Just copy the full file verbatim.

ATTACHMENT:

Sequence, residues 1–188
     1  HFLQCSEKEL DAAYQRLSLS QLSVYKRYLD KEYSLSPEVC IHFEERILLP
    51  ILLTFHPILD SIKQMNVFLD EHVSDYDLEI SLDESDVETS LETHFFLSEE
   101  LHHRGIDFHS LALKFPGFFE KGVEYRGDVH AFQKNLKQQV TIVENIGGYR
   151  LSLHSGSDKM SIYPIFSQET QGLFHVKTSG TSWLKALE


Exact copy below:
Sequence, residues 1–188
     1  HFLQCSEKEL DAAYQRLSLS QLSVYKRYLD KEYSLSPEVC IHFEERILLP
    51  ILLTFHPILD SIKQMNVFLD EHVSDYDLEI SLDESDVETS LETHFFLSEE
   101  LHHRGIDFHS LALKFPGFFE KGVEYRGDVH AFQKNLKQQV TIVENIGGYR
   151  LSLHSGSDKM SIYPIFSQET QGLFHVKTSG TSWLKALE